CNTA lifts regional restrictions on tour operator’s service networks
CNTA is giving tour companies a free rein to set up as many service points as they like in any number of cities within the province and cities where they are based.
ChinaTravelNews, Zhang Li- A new policy directive issued by the China National Tourism Administration is giving tour companies a free rein to set up as many service points as they like in any number of cities within the province and cities where they have their headquarters or offices.
A typical CTS agent upcountry
The Notice on Relaxing of Policies for Tour Operator Service Networks is a boon to the development of the tourism industry, especially for operators keen to set up extensive service networks, as it removes the bureaucratic roadblocks that previously barred crossovers to other regional markets.
Prior to the new rule, a tour operator registered in a provincial capital would be limited to having a service network within that city.
For example, an operator registered in Hangzhou in Zhejiang province could only have service points in the Hangzhou district. If it wanted to expand to other cities in the province like Jinhua or Shaoxing, the company would have to register another local company in those cities first.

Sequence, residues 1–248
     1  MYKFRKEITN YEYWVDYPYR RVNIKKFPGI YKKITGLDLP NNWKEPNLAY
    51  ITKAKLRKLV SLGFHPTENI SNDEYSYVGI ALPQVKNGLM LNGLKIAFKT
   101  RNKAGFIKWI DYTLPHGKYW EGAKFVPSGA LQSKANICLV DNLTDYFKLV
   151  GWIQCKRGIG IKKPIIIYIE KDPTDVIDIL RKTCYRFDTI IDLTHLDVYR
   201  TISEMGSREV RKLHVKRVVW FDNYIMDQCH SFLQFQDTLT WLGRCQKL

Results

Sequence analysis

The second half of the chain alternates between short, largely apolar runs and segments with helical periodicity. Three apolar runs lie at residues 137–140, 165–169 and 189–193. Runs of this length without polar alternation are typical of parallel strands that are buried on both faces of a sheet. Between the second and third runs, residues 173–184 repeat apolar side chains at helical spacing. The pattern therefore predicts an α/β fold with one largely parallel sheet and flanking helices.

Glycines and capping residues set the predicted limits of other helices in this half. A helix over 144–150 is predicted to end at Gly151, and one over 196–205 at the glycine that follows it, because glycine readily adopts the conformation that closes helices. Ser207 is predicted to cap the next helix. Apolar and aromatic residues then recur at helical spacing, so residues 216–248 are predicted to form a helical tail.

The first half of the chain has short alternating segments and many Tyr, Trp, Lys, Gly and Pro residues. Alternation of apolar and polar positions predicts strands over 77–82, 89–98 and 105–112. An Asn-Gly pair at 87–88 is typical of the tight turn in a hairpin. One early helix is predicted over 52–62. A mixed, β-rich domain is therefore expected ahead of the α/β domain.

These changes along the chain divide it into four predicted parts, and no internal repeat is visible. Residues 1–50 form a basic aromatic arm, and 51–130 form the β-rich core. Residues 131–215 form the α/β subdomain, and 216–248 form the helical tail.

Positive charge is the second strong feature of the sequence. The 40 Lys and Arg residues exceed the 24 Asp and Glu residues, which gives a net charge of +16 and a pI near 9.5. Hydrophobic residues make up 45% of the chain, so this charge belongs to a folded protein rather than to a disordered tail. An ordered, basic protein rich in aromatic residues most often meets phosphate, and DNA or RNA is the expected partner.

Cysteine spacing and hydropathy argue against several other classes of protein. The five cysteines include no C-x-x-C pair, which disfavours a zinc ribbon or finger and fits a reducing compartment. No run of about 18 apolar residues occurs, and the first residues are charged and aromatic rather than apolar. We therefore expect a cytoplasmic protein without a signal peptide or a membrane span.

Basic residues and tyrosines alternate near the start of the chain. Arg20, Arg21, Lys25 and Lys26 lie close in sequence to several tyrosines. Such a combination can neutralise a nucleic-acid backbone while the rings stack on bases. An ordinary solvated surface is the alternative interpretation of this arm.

This means tour operators would have to open multiple companies even in the same province if it were to expand its service network.
Further, these local subsidiaries would have to apply individually for a license and pay a security deposit of RMB1.4 million each if they wanted to start outbound tourism operations after the CNTA banned commissioned solicitation of tourism business.
This district-based regulation system was disadvantageous for the development of travel operators in many ways.
- Firstly, tour operators’ regional expansion was limited as they had to set up new subsidiaries in each district before they could open new service points in the networks, and such expansion required investments of personnel and capital. As a result, many tour operators gave up on provincial expansion and limited their operations to the most profitable urban markets while those that set up multiple subsidiaries found themselves saddled with high costs.
- Secondly, some smaller cities did not get service coverage of large tour operators because of the high costs for establishing service in remote areas, and major travel brands would skip the cities where they couldn’t have too many service points. Yet local tour operators lacked the licensure for outbound operation and had to rely on the branch offices of larger operators to meet local customers’ needs.
Hopefully regional tourism authorities will swiftly enact the CNTA’s policy change and allow tour operators to make positive steps in the right direction for the development of the national tourism industry. (Translation by David)